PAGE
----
“I would say I did, in the last four weeks, probably 20 CEO one-on-ones, mostly in the United States. And in every one of those sessions, there were opportunities to expand our work and deliver more value to the client. But [there are] some industries that are challenged, people that might have been taking a longer-term view are sitting here at the beginning of 2008, and they are saying, 'I know we're going to do this transformation, that's a three-year journey'. But there is a thing called sort of the high impact near-term returns and people are saying, 'Can we drive short-term cost reduction and use some of the benefits of that to fund the longer-term transformation?'. People are looking at 2008 and saying: 'What can you guys do?'. So I can bring some money to the bank in 2008, for their 2008. And I think that's where demand comes from.
“What I do make sure I do is have a handle on what the hell is going on in the business,” he added. “The only way to do that is with the big clients and that's why I have spent the last month out on the road. Taking people's temperatures, seeing how and what people are focused on. What do they need to do? Is globalisation still driving the competitive agenda? Every day there are changes in the competitive dynamic, and those changes create opportunities for Accenture.
You can either let the business drive you or you can drive the business. I think what our leadership team has done is, knowing there are some uncertainties in the way the environment is made, so we took charge in that we are driving the business.”
Wipro plans to hire more than 900 employees for its 45,000 square-foot Cebu facility, which will handle customer-focused support processes starting the 2nd of January, 2008. The company is also looking at establishing additional centers in other fast-growing cities in the Philippines.
The centre in Cebu will offer an exhaustive range of services to Wipro’s customers. The focus will be both on Voice and Non voice business in the field of Customer Service Support, Technical Support, HR Services, Financial & Accounting and Procurement Services.
The global outsourcing giant chose the Philippines among several other locations due to the availability of qualified talent in the country. According to T.K. Kurien, President, Wipro BPO, “The Philippines is one of the largest English speaking nations with a strong IT orientation and a talent pool of 29 million. This is one location that we definitely want to expand our presence in.”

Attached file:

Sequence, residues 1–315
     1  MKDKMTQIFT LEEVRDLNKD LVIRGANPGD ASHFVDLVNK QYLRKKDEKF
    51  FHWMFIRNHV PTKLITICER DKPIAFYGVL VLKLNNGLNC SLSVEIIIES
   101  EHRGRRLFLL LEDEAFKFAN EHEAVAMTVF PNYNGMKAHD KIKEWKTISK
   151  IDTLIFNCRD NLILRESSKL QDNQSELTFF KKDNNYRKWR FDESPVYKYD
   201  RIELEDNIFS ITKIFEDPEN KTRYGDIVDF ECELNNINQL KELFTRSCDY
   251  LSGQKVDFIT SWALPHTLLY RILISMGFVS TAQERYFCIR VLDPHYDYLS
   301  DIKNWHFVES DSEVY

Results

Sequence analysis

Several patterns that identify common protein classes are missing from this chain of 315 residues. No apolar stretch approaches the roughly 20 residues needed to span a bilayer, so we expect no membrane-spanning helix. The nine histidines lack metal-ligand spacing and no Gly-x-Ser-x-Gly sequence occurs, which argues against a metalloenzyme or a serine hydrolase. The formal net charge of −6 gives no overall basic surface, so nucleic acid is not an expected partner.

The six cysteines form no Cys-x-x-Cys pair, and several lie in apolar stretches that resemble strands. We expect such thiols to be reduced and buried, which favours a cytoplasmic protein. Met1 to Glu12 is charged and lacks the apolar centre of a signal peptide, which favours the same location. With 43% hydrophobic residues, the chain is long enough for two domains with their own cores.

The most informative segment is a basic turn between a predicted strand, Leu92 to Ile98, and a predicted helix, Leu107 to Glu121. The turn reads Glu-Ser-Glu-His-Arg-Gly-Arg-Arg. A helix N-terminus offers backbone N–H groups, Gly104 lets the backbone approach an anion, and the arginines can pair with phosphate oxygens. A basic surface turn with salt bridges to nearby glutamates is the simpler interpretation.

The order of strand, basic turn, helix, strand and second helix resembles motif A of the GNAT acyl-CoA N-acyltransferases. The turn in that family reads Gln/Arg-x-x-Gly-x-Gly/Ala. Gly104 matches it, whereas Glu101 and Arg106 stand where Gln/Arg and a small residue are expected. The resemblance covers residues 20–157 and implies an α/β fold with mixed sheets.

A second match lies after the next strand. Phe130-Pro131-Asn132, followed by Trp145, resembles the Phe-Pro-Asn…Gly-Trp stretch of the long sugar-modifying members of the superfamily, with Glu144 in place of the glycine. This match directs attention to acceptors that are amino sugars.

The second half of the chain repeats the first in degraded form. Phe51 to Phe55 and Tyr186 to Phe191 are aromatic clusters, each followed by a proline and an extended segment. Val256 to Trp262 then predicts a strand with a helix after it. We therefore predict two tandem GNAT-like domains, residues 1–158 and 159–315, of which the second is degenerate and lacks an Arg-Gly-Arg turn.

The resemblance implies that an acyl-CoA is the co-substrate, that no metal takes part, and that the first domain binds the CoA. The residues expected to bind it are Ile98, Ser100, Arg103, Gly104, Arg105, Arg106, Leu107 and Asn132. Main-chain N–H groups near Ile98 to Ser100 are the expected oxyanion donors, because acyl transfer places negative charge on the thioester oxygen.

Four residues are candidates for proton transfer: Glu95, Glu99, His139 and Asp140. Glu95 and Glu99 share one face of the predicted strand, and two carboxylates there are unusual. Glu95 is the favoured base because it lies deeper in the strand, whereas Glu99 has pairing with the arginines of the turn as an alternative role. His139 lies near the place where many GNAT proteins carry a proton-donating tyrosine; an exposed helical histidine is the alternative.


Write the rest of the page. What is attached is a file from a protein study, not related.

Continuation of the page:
Wipro’s choice of Cebu as its newest BPO destination highlights the Philippines’ emergence as a leading global outsourced service hub. Earlier this year, investment advisory firm Tholons identified Manila among the Top 5 prime outsourcing destinations, and Cebu as one of the leading emerging global destinations for outsourced processes.
Tholon’s study also revealed that the outsourcers consider process maturity, availability of relevant skills and cost as the top reasons for deciding on the locations for IT and BPO services outsourcing.
“Our business objective is to enable delivery of multi-lingual services to our global customer base. With a strong and robust game plan for the year, we are very clear in announcing Wipro’s arrival towards Global Serviceability, and Philippines is a major milestone in this journey” said Sanjeev Bhatia, Vice President, International Operations, Wipro BPO.
Wipro BPO took a quantum leap in 2002 after acquiring Spectramind which then had 3,000 employees and now employs around 20,000 plus people at all its BPO centers across the globe. In 2007, the Hewitt Survey rated Wipro among the 25 Best Employers in India.
As a part of its global expansion strategy, Wipro has already invested in several overseas centers. In the last nine months alone, Wipro successfully setup global delivery centers in Romania and Shanghai.
The Highways Agency has signed a £75m IT infrastructure outsourcing deal with Atos Origin.
The five-year deal is aimed at making savings of 15% a year from the budget of the Highways Agency, which is responsible for operating, maintaining and improving England’s strategic road network.
Under the terms of the contract, 120 Highways Agency staff transfer to Atos.
The deal will see Atos support and develop the agency’s back-office applications. The IT services firm will also deploy its Atos Workplace Solutions managed desktop platform to automate desktop deployments and provides flexible access to corporate resources from PCs and mobile devices.
The contract is the second major public sector deal Atos has signed within the past few weeks, following a £14m managed services deal with the Department of Culture, Media and Sport.